Duane Layton, a Mayer Brown lawyer involved in the trade talks, said he did not have any evidence that he or the firm had been subject to surveillance but said that he “always wonder[s] if someone is listening, because you would have to be an idiot not to wonder in this day and age.”

Australia Prime Minister Tony Abbott has not issued a specific statement regarding the document, but did say that any material gathered by Australia is “for the benefit of our friends and to protect our citizens and the citizens of other countries.”

Indonesian Foreign Minister Marty Natalegawa meanwhile does not understand how a dispute over shrimp exports from Indonesia to the US would have an impact on global security.  Additionally, he said that “neighbors like Indonesia and Australia should be looking out for each other, not turning against each other . . . we should be listening to each and not listening in.”

The Obama Administration routinely emphasizes the NSA’s sweeping power as necessary to fight terrorism, yet recent documents released by Snowden show that that the NSA spies on trade negotiations, and communications among economic officials in other countries.  While the NSA has not denied that they possess such information, they remain steadfast in denying engagement in economic espionage.

Australia, which is part of the Five Eyes Alliance (the other members include Australia, Britain, Canada, and the United States), is often accused of helping the NSA collect data that it would otherwise unlawfully be able to collect, though the NAS has repeatedly said it does not utilize such measures.


For further information, please see:

The Guardian – Uncalled for Clarifications by Tony Abbott – 16 Feb. 14

NY Times – Spying by N.S.A. Ally Entangled U.S. Law Firm – 15 Feb. 14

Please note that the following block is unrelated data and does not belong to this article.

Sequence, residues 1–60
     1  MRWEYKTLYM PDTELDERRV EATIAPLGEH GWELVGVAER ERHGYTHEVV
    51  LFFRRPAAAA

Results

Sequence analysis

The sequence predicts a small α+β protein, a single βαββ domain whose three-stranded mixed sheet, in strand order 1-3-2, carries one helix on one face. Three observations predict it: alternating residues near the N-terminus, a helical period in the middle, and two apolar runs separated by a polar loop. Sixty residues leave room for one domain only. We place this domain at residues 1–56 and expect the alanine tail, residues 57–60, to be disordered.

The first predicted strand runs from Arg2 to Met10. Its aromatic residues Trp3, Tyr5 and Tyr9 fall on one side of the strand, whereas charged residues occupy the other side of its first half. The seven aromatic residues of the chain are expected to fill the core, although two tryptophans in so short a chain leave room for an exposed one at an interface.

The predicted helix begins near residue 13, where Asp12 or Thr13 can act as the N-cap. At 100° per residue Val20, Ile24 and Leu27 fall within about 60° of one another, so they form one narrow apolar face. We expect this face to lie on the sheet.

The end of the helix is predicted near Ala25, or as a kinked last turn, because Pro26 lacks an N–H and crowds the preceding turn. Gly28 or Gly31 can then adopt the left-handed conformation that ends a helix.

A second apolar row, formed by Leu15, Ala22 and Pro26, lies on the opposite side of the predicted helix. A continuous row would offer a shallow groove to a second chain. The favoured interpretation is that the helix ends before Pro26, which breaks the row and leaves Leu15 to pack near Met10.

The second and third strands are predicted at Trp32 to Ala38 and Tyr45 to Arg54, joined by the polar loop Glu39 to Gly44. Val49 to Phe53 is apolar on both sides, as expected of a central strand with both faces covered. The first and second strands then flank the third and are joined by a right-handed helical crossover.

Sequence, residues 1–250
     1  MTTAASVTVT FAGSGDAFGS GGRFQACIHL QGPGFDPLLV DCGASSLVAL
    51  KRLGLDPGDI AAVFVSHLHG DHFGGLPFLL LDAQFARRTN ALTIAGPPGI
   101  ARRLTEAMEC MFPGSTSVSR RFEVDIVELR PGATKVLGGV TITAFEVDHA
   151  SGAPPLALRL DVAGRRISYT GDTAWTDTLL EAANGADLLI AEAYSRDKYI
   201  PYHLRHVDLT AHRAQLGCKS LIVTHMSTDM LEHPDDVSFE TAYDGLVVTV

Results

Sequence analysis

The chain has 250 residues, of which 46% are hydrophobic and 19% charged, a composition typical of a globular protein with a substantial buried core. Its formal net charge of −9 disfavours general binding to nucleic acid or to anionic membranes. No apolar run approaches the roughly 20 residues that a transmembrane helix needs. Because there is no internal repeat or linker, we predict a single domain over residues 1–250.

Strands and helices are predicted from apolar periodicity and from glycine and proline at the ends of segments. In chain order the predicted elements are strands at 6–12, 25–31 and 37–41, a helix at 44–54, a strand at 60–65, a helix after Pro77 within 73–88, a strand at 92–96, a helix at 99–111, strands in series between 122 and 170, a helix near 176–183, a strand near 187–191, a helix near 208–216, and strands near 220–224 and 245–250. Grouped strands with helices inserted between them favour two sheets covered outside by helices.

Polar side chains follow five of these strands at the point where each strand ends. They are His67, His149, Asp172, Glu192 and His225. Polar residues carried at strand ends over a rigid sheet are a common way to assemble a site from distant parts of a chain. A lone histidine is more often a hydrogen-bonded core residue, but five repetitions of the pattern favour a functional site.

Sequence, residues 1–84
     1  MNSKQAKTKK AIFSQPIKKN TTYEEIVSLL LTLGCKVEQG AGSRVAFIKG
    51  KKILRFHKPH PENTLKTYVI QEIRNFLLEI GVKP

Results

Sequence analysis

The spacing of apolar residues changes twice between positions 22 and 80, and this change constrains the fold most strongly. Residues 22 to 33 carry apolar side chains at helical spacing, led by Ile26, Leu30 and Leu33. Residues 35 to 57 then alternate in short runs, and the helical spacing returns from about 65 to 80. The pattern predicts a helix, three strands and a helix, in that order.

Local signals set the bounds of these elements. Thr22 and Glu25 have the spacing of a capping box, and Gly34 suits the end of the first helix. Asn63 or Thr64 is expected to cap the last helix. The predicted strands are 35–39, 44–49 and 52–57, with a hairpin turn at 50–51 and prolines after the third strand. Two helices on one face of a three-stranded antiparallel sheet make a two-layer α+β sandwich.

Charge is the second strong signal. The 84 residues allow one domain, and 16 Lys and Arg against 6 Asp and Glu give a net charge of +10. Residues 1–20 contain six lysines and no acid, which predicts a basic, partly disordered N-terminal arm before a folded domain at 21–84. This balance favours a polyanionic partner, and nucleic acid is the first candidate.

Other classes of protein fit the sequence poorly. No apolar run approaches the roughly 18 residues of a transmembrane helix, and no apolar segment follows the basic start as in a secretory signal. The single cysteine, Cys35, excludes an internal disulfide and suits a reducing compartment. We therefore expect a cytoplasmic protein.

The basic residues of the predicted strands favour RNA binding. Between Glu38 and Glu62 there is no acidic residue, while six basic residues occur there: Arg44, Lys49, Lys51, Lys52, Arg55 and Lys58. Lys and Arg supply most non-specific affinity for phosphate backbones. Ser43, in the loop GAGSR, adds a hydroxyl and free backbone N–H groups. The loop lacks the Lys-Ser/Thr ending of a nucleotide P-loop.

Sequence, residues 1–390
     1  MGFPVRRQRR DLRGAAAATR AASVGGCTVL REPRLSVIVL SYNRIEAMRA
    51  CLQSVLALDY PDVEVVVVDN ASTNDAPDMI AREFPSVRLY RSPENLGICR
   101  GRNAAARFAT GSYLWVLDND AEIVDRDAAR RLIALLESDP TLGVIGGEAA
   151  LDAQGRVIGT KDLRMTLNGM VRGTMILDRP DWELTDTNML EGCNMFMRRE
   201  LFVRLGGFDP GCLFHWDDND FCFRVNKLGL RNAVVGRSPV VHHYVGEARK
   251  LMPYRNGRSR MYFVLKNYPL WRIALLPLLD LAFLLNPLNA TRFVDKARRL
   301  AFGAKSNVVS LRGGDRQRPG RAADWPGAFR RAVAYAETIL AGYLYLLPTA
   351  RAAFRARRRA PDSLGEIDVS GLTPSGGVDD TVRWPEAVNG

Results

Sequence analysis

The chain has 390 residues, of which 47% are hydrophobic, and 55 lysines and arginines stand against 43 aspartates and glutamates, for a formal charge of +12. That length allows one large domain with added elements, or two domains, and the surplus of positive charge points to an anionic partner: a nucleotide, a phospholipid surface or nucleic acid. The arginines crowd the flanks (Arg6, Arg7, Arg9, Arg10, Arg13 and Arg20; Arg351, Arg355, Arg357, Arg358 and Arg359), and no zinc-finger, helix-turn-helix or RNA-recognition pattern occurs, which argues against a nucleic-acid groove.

The Voice of Russia – NSA’s Australian Allies Spied On Indonesia-Contracted US Law Firm – 16 Feb. 14

Washington Post – Indonesia Baffled By Spying On Shrimp Spat – 17 Feb. 14

Violent Protests Erupt in Bangkok, 4 Killed

By Brian Lanciault
Impunity Watch Reporter, Asia

BANGKOK, Thailand–Gun battles exploded Tuesday between Thai police and anti-government protesters in Bangkok.  Four people were killed and dozens have been wounded as authorities made their most aggressive attempt yet to remove demonstrators from the streets.

Several riot officers were injured after multiple grenades were launched during the violence between protesters and state authorities. (Photo Courtesy of Euro Pressphoto Agency)

In the midst of growing developments in Thailand’s long-standing political crisis, the country’s anti-corruption body announced it would file charges against Prime Minister Yingluck Shinawatra regarding a rice subsidy scheme that has fuelled middle-class opposition to her government.

The troubled rice scheme, now on the verge of collapse, suffered another hit when the Government Savings Bank (GSB) said it would scrap a loan to a state-owned farm bank that could have been used to prop the scheme up in the face of a depositors’ revolt.

The clashes were some of the most intensive between protesters and security forces since efforts to dispose of Yingluck began last November. The military, which has determined to remain neutral unless police lose control, has not publicly commented on the violence.

The protests are the latest episode of an eight-year political saga broadly pitting the Bangkok middle-class and royalist groups against the poorer, and largely rural supporters of Yingluck and her billionaire brother, former premier Thaksin Shinawatra.

Witnesses reported hearing gunfire and seeing police fire weapons in the Phan Fa Bridge area near the old quarter of the city. Police said they had come under fire from a rooftop sniper and M-79 grenades.

A policeman was killed by a gunshot and several were wounded by a grenade, security officials said.

The Erawan Medical Center said on its website that three protesters had been killed in the gunfight. The Center said 64 people were wounded but did not indicate how many were police and how many were civilians.

Security officials reported earlier that 15,000 officers were a part of the operation, “Peace for Bangkok Mission”, to reclaim protest sites around central Bangkok’s Government House and other government offices to the north of the capital.